Why Alternative Energy, Part Two
Sometime between 2008 and 2009, or perhaps before then, I got it in my head that the best poetry was political in nature, the best fiction was psychological or sociological in nature, and the best non-fiction, well, was non-fiction!
It was also sometime around then that I got on board the alternative energy train, or rather hopped on the caboose that was being dragged by the engine. At the time, I wasn’t thinking about writing about the subject. I was only interested in understanding why the drumbeat of news on the subject was getting louder. I convinced myself of the benefits of alternative energy not for the reasons I mentioned in an earlier blog post, “Why Alternative Energy.”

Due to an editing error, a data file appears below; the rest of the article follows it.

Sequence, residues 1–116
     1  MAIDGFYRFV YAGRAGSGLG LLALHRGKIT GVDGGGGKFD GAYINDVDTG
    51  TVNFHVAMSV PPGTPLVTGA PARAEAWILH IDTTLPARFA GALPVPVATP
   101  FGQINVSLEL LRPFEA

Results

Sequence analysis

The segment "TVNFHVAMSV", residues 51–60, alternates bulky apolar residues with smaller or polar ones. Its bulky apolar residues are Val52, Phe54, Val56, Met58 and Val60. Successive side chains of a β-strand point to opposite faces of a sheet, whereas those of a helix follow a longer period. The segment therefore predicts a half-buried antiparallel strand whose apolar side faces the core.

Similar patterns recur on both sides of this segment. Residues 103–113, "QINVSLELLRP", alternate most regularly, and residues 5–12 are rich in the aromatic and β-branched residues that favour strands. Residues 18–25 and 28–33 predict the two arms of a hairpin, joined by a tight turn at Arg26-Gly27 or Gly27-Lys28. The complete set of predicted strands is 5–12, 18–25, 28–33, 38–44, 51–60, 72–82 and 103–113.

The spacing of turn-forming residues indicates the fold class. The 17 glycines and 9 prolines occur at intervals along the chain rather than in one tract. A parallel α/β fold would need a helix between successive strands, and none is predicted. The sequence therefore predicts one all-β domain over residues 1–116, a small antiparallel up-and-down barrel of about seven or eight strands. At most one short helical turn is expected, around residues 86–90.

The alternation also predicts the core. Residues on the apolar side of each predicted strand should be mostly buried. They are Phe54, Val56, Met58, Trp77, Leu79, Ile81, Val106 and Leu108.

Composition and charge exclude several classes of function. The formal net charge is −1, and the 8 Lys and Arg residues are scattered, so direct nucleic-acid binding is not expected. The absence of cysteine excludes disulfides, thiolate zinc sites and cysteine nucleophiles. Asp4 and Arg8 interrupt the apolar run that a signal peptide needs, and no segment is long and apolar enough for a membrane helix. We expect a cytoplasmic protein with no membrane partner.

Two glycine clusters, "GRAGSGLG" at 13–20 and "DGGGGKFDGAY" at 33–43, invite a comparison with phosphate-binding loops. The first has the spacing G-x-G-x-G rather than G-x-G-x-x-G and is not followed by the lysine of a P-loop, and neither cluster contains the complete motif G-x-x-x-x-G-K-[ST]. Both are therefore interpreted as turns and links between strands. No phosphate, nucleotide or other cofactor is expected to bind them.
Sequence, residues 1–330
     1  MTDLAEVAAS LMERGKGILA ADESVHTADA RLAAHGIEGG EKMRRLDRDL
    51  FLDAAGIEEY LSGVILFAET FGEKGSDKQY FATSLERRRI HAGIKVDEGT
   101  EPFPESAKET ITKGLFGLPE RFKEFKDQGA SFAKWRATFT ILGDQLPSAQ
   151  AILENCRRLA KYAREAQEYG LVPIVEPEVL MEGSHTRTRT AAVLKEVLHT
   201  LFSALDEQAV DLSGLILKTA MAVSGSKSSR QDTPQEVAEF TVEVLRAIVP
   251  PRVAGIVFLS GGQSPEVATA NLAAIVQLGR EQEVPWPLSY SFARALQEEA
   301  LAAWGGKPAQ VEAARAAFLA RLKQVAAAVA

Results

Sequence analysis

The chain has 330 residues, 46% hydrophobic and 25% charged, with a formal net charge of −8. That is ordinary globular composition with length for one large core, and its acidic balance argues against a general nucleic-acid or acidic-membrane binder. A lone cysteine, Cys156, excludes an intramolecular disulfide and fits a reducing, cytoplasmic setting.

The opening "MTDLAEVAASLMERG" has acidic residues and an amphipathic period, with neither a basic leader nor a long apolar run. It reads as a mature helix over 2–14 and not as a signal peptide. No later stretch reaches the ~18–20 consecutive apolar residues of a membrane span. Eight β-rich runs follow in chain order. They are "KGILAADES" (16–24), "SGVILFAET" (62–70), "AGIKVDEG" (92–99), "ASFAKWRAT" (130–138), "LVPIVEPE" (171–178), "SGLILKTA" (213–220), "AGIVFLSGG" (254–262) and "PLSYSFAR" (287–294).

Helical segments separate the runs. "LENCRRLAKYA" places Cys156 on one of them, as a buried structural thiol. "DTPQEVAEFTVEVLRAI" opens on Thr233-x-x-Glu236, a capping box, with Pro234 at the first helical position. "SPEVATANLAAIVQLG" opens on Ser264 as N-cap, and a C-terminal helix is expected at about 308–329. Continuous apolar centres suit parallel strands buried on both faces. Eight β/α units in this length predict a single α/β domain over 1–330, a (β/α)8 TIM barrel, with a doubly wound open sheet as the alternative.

Back then, I could only see the subject from an international economist’s point of view. Economic policymakers typically argue that the US current account deficit, the fact that the nation imports more than it exports, is sustainable because it has a large internal market. If it had to, the country could enjoy life without exporting or importing. But it seemed clear to me that America needed to prove to itself as a nation that it didn’t have a balance of payments issue, that our current account deficit was sustainable, or else not on a one-way track to nowhere, and that changing our energy mix would go a long way towards that.